France launches global contest to design new Notre-Dame spire

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A picture taken on April 16, 2019 shows the altar surrounded by charred debris inside the Notre-Dame Cathedral in Paris in the aftermath of a fire that devastated the cathedral. – French investigators probing the devastating blaze at Notre-Dame Cathedral on April 15, 2019, questioned workers who were renovating the monument on April 16, as hundreds of millions of euros were pledged to restore the historic masterpiece. As firefighters put out the last smouldering embers, a host of French billionaires and companies stepped forward with offers of cash worth around 600 million euros ($680 million) to remake the iconic structure. (Photo by LUDOVIC MARIN / AFP)

France will invite architects from around the world to submit designs for rebuilding the spire of Notre-Dame cathedral that was destroyed in a devastating blaze, Prime Minister Edouard Philippe said Wednesday.

The goal is “to give Notre-Dame a new spire that is adapted to the techniques and the challenges of our era,” Philippe told reporters a day after President Emmanuel Macron vowed to rebuild the cathedral “even more beautifully” within five years.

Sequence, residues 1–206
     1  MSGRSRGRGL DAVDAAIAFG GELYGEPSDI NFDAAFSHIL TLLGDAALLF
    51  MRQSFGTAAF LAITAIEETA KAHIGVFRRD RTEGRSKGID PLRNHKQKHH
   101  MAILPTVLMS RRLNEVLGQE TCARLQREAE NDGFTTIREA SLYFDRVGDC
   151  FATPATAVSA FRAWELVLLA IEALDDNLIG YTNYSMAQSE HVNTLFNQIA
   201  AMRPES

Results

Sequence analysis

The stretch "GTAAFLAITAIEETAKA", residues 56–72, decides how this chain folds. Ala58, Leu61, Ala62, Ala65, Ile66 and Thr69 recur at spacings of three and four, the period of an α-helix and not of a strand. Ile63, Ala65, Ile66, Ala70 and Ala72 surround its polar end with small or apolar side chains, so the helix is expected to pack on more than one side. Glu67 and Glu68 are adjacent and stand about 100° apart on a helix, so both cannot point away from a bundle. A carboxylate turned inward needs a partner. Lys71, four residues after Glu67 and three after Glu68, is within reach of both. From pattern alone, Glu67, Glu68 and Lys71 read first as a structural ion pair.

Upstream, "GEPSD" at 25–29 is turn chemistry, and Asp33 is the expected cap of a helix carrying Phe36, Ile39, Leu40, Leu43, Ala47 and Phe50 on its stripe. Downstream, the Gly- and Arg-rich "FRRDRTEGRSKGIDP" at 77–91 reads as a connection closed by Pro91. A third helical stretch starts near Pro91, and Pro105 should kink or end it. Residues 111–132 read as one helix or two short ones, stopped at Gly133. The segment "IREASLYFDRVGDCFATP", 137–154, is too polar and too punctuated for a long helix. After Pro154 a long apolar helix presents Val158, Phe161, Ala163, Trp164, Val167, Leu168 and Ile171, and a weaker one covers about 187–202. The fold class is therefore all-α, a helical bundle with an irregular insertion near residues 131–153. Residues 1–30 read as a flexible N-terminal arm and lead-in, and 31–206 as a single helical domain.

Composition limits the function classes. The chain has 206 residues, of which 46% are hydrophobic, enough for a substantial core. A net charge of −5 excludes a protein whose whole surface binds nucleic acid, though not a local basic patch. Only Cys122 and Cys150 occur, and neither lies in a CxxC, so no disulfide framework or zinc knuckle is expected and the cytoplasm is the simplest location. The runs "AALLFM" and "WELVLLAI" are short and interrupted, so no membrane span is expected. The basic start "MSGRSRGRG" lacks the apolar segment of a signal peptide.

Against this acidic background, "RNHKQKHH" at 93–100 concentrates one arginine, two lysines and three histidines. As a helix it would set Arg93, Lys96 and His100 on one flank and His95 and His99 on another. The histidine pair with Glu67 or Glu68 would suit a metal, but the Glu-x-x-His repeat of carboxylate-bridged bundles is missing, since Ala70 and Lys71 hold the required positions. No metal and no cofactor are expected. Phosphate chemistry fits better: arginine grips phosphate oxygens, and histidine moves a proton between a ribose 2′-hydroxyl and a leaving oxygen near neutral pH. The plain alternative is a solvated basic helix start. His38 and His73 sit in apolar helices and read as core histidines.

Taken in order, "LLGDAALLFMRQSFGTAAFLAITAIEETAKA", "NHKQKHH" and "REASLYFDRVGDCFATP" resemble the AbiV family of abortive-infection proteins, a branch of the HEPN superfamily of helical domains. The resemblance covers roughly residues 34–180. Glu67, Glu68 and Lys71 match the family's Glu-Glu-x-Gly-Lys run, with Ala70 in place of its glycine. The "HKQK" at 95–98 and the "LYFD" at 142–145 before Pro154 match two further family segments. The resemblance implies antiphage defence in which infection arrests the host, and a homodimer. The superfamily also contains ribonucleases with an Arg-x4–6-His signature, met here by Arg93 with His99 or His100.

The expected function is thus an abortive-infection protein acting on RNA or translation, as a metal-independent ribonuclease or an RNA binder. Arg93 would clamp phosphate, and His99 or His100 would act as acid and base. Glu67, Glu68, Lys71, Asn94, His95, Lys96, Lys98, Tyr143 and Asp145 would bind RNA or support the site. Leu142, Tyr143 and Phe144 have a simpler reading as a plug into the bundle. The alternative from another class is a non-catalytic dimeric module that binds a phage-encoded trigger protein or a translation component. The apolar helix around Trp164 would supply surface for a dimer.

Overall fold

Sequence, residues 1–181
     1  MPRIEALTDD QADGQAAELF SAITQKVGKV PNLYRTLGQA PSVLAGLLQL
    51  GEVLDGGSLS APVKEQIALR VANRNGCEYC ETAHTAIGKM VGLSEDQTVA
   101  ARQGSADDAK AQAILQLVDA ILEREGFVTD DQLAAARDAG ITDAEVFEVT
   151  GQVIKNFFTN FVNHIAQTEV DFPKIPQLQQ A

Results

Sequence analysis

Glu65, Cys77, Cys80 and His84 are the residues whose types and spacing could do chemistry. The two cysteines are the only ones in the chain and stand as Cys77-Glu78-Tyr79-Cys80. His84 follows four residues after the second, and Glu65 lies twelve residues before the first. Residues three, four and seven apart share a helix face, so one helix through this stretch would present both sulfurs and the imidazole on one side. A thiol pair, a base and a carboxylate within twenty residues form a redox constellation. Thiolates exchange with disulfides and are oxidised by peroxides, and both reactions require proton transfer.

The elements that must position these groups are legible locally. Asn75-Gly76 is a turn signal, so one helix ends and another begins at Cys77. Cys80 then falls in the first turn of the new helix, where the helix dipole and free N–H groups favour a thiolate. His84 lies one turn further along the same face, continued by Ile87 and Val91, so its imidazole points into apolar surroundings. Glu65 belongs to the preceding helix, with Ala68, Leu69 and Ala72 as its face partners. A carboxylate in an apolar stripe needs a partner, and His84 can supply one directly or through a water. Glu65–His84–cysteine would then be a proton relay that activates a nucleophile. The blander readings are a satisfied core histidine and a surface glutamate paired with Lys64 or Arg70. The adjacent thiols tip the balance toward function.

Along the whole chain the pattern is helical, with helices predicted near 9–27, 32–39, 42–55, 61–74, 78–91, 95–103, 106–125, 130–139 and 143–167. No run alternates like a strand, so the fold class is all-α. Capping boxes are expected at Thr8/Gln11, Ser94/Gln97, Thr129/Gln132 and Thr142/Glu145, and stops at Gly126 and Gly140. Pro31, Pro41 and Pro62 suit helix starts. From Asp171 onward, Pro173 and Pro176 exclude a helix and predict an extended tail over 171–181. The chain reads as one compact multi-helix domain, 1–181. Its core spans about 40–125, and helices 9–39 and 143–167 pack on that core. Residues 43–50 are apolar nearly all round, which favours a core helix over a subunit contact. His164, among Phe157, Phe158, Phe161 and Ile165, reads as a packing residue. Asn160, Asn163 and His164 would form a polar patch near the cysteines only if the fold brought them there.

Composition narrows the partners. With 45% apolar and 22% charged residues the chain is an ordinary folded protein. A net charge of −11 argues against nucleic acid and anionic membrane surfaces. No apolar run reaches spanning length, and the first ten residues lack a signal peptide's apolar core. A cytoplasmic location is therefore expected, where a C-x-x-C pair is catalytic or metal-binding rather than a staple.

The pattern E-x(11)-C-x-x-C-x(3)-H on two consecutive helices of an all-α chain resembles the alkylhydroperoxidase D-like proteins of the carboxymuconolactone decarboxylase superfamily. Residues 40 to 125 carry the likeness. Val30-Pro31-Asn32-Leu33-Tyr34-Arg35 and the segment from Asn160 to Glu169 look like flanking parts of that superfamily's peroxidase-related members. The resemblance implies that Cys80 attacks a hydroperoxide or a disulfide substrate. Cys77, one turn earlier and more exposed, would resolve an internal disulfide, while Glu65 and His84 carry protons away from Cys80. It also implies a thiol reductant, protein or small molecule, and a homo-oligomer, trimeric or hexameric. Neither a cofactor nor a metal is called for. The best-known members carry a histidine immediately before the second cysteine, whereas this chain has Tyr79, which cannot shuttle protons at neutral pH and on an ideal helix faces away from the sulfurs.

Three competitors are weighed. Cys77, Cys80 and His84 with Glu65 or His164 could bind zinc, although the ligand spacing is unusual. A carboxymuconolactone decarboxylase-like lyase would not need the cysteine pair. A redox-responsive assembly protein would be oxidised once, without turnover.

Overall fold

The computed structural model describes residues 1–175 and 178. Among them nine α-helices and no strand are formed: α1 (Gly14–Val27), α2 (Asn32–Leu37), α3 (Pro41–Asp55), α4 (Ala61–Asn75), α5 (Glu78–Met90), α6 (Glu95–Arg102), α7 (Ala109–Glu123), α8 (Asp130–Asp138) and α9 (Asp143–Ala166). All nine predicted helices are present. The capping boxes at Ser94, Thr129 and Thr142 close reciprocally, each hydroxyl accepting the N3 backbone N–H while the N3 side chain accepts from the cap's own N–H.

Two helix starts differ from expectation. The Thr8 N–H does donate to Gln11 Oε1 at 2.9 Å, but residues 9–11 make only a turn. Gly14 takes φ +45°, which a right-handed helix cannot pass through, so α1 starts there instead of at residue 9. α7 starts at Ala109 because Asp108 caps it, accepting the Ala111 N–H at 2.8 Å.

Thousands of Parisians and tourists watched in horror Monday as flames engulfed a monument that has symbolised Paris for nearly a millennium, toppling the spire and gutting a large part of the roof.

No sooner had firefighters extinguished the flames than pledges of donations towards rebuilding it began to pour in.

Within 24 hours, the pledges had reached more than 800 million euros ($900 million), with French business magnates and corporations jostling to outshine each other with displays of generosity.

‘Long, complex’ investigation
Investigators trying to determine the cause of the blaze are questioning workers who were renovating the steeple, an operation suspected of accidentally triggering the blaze.

The police have already spoken to around 30 people from five different construction companies.

Public prosecutor Remy Heitz has said the investigation threatened to be “long and complex”.

Meanwhile, work to secure the cathedral continued Wednesday.

Junior interior minister Laurent Nunez said Tuesday that although “some weaknesses” had been identified, overall the building was “holding up OK”.

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